Library spreads the health
Special for The Arizona Republic
Jul. 23, 2005

Grants used to get medical news to Hispanics

Alison Stanton

Imagine having a serious health condition but being unable to learn anything about it because the only information you can find is in another language.

Frieda Ling, health librarian at the Glendale Public Library, realized this is the case for a large number of Hispanic residents who call the West Valley home.

"Many Hispanics do not speak English or enough English to take advantage of the resources we have in the library and no other means of accessing health information," Ling said.

In response, Ling developed Operation Health Outreach, a yearlong series of bilingual programs aimed at getting health information to Hispanics.

"There is an above-national-average percentage of Hispanic people in Glendale," she said. "The national average is 21 percent, and in downtown Glendale it is 63 percent."

Late last year, the National Network of Libraries of Medicine awarded $25,000 to the Glendale Public Library to fund the project, which is sponsored by NAMI West Valley, Psi Omega Pi, the University of Phoenix Chapter of Chi Sigma Iota, which is the international honor society for counselors, Central Arizona REFORMA, which is a division of American Library Association, and Glendale Community Center.

"I have wanted to do this for the longest time," Ling said. "When I learned about the grant and learned how to write grants, I jumped at the opportunity."

The program, which began in January, offers free health seminars conducted in Spanish at the Glendale Public Library, 5959 W. Brown St.; the Velma Teague Branch, 7010 N. 58th Ave.; and the Glendale Community Center, 5401 W. Ocotillo Road. In addition, the project includes funds for developing a collection of health books and other media in Spanish.

Ling, of Glendale, said programs like Operation Health Outreach are increasingly necessary in areas with large Hispanic populations.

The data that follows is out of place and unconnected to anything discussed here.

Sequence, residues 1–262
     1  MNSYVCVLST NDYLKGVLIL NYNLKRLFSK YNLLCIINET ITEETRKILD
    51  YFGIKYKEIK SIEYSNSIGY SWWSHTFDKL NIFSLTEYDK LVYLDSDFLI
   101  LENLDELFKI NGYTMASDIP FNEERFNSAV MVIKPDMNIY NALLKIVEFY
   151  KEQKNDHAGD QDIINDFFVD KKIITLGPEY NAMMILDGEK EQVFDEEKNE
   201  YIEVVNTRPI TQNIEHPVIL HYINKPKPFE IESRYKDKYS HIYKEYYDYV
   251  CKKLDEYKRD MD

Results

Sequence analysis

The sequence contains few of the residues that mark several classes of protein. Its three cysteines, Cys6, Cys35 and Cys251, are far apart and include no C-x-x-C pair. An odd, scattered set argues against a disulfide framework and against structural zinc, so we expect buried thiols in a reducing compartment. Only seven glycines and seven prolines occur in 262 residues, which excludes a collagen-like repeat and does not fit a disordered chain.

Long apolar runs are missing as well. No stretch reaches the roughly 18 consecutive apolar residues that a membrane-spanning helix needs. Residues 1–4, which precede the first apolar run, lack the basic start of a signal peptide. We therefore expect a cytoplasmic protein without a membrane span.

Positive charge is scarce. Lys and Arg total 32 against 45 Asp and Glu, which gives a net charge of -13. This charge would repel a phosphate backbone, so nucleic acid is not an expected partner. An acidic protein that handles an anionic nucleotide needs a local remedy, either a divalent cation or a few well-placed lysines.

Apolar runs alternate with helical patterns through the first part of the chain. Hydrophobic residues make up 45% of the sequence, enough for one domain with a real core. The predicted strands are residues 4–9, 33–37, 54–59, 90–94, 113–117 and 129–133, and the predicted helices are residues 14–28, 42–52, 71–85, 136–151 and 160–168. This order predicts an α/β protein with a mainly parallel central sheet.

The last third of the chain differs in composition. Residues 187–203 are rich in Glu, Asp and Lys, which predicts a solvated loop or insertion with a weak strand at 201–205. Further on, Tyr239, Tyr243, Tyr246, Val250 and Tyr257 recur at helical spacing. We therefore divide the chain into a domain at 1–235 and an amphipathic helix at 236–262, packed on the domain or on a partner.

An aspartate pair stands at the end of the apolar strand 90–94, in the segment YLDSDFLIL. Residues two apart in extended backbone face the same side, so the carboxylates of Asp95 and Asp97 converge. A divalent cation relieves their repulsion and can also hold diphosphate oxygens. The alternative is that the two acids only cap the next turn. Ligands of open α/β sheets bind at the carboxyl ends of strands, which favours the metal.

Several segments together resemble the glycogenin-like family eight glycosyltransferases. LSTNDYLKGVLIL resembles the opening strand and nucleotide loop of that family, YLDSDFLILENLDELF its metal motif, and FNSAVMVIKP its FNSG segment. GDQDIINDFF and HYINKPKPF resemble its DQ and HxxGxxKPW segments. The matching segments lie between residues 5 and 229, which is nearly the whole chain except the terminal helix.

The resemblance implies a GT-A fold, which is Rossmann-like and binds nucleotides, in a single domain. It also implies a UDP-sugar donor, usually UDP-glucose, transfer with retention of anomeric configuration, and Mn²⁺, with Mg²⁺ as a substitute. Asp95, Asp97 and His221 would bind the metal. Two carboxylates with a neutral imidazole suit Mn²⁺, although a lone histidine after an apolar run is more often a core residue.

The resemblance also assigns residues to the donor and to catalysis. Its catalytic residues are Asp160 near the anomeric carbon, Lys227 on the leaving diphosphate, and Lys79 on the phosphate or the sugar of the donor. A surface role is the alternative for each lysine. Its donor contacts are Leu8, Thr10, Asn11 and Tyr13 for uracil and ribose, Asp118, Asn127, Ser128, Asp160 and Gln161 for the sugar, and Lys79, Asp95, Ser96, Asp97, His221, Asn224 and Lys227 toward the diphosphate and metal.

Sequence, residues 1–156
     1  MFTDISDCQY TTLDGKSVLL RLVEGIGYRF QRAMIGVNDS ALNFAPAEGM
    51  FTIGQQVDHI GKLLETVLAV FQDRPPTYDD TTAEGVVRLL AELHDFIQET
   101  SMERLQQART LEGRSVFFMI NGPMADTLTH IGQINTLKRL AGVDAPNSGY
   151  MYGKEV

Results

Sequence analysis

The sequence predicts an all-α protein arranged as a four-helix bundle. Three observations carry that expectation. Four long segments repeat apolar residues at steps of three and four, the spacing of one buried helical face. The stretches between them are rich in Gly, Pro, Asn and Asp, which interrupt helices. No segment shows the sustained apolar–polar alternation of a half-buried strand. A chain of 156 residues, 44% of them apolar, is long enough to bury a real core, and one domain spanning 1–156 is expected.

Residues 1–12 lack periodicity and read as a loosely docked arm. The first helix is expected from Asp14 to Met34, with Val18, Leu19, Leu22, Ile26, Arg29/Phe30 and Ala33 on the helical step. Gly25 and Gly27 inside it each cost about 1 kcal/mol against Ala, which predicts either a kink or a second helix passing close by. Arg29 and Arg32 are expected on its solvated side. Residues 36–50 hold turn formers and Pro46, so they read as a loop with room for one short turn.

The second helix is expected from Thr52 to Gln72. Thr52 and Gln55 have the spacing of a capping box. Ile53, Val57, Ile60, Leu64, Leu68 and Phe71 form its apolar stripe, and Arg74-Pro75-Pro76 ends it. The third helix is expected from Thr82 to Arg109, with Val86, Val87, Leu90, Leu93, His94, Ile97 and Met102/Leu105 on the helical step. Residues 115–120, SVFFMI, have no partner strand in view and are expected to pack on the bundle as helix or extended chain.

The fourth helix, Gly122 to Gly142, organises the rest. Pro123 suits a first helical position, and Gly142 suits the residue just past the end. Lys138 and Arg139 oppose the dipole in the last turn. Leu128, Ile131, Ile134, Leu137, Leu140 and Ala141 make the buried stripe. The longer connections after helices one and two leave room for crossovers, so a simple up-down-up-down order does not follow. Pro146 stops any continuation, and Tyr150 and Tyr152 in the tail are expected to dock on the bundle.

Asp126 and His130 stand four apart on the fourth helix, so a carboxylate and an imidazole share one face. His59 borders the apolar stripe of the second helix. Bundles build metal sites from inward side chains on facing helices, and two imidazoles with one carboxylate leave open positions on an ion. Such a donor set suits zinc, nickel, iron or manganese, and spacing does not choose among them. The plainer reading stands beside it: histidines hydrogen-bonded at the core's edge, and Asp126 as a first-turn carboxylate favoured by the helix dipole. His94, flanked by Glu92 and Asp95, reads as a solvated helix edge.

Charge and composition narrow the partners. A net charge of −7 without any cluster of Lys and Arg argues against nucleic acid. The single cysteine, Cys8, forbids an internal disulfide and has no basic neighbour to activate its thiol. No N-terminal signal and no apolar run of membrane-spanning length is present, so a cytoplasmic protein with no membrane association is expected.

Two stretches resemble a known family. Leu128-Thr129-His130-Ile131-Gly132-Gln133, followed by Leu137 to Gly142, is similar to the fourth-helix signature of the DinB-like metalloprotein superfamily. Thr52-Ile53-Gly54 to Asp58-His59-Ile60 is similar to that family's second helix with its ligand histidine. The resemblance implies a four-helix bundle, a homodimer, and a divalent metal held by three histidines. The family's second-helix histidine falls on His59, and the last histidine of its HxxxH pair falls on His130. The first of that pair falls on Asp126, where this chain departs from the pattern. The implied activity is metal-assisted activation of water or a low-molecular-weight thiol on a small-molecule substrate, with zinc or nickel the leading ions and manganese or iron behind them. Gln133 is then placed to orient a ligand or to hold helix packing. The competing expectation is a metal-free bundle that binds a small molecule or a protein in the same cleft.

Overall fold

"The goal of the project is to increase public awareness of critical health issues and to educate the public on available resources," she said, adding that the seminars have already covered topics like osteoporosis, diabetes and heart disease.

"We want as many people as are able to come to hear these important presentations. We attempt to take the programs to the people rather than waiting for them to come to us."

Because so much health-related information is available on the Internet, Operation Health Outreach includes classes that teach basic computer skills.

"Some people learn best by listening to expert presentations, others like to read books, and still others love to consult the Internet," Ling said, adding that instructors will help attendees distinguish between a valid health site and one that is filled with urban legends.

"We teach people to choose reliable sources of information from the Internet, not just anything that's there. We also identify resources available in Spanish, which is limited but getting better."

Ling, who recently received a $32,000 grant from the Library Services and Technology Act to continue the program for an additional six months, as well as expand it into the Asian community, said she is thrilled by the way the program is going so far.

Ling said attendance is good and the audience members are giving positive feedback. Best of all, she said, many told her how much they have learned from the bilingual lectures.

"I love to see the target audience enthused and reap the benefit from our work," she said.

Richard Herbig, a clinician and professor of psychology at Northern Arizona University, Western International University and Paradise Valley Community College, conducted a workshop on depression last month. By using a translator, he was able to teach, answer questions and give handouts to the audience.

"I was struck by two things," the Phoenix resident said. "One was the attendance; we got quite a sizable turnout. Secondly, they were very involved in the content, and most came with important agendas of their own, which I could tell through their questions and their attentiveness."

Based on the enthusiastic reaction to his workshop, Herbig said, there is obviously a true need for bilingual health programs.

"Clearly, from some who shared their plight, there's clearly a need for this knowledge," he said. "Right from the beginning there was a certain amount of interaction."

Candido Abeyta, 70, said he has enjoyed attending the Operation Health Outreach programs.

"They have been wonderful," the Glendale resident said.

Abeyta said he thinks offering the seminars in Spanish is especially useful for elderly Hispanics who have not had the chance to learn much English.